From Aeon, here is a worthwhile reflection about home and rootedness / rootlessness in a world turned upside down.
This is a long and thoughtful piece. To be honest, I am anxious about posting this excerpt because of the references to Heidegger. However, I think the author of this article is right to focus on the disorientation of the modern world and how it can feed right wing xenophobia and nationalism.
"Home is where the heart is, and there is no place like home, yet a sense of being at home can come from many sources. Home can be a place of residence, where you go back to after work. It can mean the place you come from: where you grew up, and to which you return in your memories and for important family rituals. Feeling at home can come from an activity in which you feel at ease, in flow, in a landscape that’s familiar and uplifting. Doing satisfying work can evoke a sense of home, as can being with friends or walking along a beach with someone you love.
The common thread to all these meanings of home is that they provide us with a tethered sense of identity. Home matters so much just now because so many people feel the tether coming loose.
The philosopher who understood this search best is controversial: Martin Heidegger. A member of the Nazi Party, Heidegger never expressed remorse for the Holocaust and was often an arrogant, duplicitous bully. Some critics argue that his philosophy is too contaminated by racism to admit rescue. His ideas are often dismissed as parochial, nostalgic and regressive. Even his advocates acknowledge that his prose is deliberately dense.
Yet, as the Australian scholar Jeff Malpas has shown in several thoughtful books and essays, studying Heidegger helps to explain why we are now so preoccupied by feelings of displacement that are triggering a search for home. Given Heidegger’s Nazi leanings and the rise of the populist Right in many parts of the developed world, his work could repay study.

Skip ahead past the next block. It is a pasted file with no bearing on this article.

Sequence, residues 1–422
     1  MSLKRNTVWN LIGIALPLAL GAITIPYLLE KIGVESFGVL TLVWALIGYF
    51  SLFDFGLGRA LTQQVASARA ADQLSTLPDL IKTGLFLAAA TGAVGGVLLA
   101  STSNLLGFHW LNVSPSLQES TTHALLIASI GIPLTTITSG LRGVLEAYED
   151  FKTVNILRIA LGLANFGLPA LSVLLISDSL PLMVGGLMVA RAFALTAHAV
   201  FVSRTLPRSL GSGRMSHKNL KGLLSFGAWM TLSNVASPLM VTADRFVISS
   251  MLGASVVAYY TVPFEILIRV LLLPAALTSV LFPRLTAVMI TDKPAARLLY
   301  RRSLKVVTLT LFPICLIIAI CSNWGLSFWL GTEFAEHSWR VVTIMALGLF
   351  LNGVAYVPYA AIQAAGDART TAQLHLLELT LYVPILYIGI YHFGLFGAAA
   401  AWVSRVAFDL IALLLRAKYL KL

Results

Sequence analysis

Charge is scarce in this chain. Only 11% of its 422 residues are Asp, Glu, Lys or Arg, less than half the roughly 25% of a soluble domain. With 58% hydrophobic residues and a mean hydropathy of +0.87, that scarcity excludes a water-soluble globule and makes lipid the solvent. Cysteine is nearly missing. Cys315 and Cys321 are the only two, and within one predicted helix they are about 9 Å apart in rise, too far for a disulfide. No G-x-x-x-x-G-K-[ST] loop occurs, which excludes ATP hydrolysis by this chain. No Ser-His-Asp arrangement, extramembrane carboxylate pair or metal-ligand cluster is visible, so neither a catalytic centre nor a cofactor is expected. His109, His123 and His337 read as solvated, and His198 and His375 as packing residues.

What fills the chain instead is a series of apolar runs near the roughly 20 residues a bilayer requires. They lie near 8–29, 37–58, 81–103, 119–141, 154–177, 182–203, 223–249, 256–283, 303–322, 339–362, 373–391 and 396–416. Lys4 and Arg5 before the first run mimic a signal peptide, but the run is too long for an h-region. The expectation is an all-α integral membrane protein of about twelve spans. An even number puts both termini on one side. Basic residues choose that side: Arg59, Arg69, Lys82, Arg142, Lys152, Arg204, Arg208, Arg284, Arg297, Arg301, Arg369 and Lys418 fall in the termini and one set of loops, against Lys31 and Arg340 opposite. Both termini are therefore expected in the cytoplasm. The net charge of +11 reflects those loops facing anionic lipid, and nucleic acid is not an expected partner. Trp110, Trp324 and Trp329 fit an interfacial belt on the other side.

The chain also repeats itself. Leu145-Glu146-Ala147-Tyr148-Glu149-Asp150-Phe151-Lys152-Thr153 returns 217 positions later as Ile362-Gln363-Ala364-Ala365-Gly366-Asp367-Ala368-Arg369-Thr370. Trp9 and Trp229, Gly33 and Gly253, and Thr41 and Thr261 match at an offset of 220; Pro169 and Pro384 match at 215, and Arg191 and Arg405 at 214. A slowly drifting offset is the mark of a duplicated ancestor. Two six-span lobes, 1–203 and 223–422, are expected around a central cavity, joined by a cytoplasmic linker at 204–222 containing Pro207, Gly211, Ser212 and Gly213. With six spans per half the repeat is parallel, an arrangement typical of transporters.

Heidegger detested René Descartes’s dictum ‘I think, therefore I am’ which located the search for identity in our brains. There, it was secured by a rational process of thought, detached from a physical world that presented itself to the knowing subject as a puzzle to be solved. Descartes’s ideas launched a great inward turn in philosophy with the subject at the centre of the drama confronting the objective world about which he tries to gain knowledge.
Had Heidegger ever come up with a saying to sum up his philosophy it would have been: ‘I dwell, therefore I am.’ For him, identity is bound up with being in the world, which in turn means having a place in it. We don’t live in the abstract space favoured by philosophers, but in a particular place, with specific features and history. We arrive already entangled with the world, not detached from it. Our identity is not secured just in our heads but through our bodies too, how we feel and how we are moved, literally and emotionally.
Instead of presenting it as a puzzle to be solved, Heidegger’s world is one we should immerse ourselves in and care for: it is part of the larger ‘being’ where we all belong. As Malpas puts it, Heidegger argues that we should release ourselves to the world, to find our part in its larger ebb and flow, rather than seek to detach ourselves from it in order to dominate it."